Maximum Likelihood Learning of Energy-Based Models for Simulation-Based Inference


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We introduce two synthetic likelihood methods for Simulation-Based Inference (SBI), to conduct either amortized or targeted inference from experimental observations when a high-fidelity simulator is available. Both methods learn a conditional energy-based model (EBM) of the likelihood using synthetic data generated by the simulator, conditioned on parameters drawn from a proposal distribution. The learned likelihood can then be combined with any prior to obtain a posterior estimate, from which samples can be drawn using MCMC. Our methods uniquely combine a flexible Energy-Based Model and the minimization of a KL loss: this is in contrast to other synthetic likelihood methods, which either rely on normalizing flows, or minimize score-based objectives; choices that come with known pitfalls. Our first method, Amortized Unnormalized Neural Likelihood Estimation (AUNLE), introduces a tilting trick during training that allows to significantly lower the computational cost of inference by enabling the use of efficient MCMC techniques. Our second method, Sequential UNLE (SUNLE), employs a robust doubly intractable approach in order to re-use simulation data and improve posterior accuracy on a specific dataset. We demonstrate the properties of both methods on a range of synthetic datasets, and apply them to a neuroscience model of the pyloric network in the crab Cancer Borealis, matching the performance of other synthetic likelihood methods at a fraction of the simulation budget.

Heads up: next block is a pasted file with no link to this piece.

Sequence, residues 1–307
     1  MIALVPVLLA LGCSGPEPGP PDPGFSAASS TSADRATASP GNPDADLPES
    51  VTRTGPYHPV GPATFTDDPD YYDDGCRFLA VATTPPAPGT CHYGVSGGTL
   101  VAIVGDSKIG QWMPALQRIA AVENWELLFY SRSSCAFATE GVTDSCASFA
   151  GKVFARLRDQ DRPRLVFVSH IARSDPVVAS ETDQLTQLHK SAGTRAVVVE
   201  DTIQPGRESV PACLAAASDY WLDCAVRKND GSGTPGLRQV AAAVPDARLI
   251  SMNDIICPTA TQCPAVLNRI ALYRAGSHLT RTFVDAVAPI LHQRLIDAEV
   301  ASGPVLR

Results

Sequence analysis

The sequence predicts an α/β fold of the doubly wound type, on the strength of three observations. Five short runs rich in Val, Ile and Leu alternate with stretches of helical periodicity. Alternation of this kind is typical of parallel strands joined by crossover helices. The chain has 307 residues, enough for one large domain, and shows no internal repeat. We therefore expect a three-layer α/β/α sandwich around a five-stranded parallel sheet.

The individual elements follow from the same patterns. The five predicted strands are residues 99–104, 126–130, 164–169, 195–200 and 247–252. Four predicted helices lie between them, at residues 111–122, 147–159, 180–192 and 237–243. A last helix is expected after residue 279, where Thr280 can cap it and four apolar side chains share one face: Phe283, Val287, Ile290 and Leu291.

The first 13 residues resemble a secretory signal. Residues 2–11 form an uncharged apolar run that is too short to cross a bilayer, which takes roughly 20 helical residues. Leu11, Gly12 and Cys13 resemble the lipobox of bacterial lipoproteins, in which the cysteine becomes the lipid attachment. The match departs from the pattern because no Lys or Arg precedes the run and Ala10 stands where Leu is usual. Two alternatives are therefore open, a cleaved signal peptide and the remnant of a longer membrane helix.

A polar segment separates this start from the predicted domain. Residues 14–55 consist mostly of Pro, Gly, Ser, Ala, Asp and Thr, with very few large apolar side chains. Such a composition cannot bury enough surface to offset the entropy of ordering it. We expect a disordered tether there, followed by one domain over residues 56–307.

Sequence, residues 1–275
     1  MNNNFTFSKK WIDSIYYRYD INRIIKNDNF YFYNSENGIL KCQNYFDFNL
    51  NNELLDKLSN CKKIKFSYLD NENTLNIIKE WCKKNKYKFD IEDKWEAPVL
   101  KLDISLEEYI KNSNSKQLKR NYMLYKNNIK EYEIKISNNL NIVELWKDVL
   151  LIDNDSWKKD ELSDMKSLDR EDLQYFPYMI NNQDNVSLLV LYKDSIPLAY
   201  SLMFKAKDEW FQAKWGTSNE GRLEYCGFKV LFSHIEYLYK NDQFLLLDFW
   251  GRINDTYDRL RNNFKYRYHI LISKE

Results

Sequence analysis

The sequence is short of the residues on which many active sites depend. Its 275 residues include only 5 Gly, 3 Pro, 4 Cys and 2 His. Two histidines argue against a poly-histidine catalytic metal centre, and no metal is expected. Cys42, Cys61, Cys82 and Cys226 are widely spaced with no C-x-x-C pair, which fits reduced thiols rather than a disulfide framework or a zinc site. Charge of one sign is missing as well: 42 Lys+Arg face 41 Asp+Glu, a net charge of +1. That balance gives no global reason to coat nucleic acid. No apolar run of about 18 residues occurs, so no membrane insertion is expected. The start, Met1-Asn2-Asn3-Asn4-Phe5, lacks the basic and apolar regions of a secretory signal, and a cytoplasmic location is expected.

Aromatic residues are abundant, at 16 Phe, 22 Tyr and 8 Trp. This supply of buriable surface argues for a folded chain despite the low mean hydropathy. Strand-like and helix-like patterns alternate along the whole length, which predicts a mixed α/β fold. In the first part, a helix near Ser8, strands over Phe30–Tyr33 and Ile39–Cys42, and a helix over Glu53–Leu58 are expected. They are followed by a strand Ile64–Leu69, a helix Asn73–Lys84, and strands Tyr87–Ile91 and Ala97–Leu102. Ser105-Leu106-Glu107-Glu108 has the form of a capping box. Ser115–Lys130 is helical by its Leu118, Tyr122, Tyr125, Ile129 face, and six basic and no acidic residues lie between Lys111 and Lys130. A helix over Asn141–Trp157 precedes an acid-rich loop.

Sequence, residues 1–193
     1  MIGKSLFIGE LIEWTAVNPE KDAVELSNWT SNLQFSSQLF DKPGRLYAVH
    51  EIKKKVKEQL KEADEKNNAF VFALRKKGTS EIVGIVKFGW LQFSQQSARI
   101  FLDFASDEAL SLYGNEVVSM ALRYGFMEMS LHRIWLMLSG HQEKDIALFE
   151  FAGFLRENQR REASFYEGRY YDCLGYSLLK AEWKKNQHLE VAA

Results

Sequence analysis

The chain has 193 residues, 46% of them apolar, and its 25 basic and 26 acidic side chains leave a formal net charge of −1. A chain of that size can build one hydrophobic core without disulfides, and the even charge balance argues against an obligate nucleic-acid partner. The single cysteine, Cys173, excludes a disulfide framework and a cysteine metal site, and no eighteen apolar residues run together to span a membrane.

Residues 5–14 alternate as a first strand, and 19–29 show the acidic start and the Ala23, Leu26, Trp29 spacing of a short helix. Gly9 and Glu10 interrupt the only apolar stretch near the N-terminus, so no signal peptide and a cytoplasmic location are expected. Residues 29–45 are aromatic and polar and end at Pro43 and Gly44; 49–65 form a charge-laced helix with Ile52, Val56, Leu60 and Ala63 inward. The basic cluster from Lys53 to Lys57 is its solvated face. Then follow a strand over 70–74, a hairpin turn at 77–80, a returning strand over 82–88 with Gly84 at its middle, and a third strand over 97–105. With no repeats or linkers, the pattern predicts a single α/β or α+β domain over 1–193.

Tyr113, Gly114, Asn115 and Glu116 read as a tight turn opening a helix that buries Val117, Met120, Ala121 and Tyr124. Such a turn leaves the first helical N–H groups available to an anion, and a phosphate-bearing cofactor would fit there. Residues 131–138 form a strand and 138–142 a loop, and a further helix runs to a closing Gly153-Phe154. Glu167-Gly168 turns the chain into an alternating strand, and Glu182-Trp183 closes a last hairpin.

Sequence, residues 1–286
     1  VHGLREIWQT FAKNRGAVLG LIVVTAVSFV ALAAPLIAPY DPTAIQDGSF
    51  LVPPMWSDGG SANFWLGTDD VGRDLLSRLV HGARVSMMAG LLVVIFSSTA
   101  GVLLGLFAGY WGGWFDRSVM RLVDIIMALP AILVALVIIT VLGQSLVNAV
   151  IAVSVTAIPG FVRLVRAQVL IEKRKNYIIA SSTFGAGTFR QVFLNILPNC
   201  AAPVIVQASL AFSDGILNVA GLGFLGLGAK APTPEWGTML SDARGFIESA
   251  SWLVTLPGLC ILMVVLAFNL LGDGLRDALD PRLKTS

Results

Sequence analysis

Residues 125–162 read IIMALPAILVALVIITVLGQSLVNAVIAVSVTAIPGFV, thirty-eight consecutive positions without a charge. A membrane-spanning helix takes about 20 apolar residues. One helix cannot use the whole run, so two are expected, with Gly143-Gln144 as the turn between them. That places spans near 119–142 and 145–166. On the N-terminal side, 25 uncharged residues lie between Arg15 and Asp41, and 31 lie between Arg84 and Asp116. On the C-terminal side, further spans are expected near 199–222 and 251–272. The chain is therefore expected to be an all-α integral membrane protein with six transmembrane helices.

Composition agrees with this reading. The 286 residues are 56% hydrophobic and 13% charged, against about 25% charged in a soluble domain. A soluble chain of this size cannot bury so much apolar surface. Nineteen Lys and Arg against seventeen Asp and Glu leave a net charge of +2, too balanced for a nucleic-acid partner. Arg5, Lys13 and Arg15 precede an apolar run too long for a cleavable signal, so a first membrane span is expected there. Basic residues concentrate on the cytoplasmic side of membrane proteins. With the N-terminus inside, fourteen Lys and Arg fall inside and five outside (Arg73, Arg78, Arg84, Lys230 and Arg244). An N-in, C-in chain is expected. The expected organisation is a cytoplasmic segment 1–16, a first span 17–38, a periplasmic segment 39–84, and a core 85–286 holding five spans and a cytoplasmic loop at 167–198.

Simulation Based Inference,Energy Based Models,Maximum Likelihood
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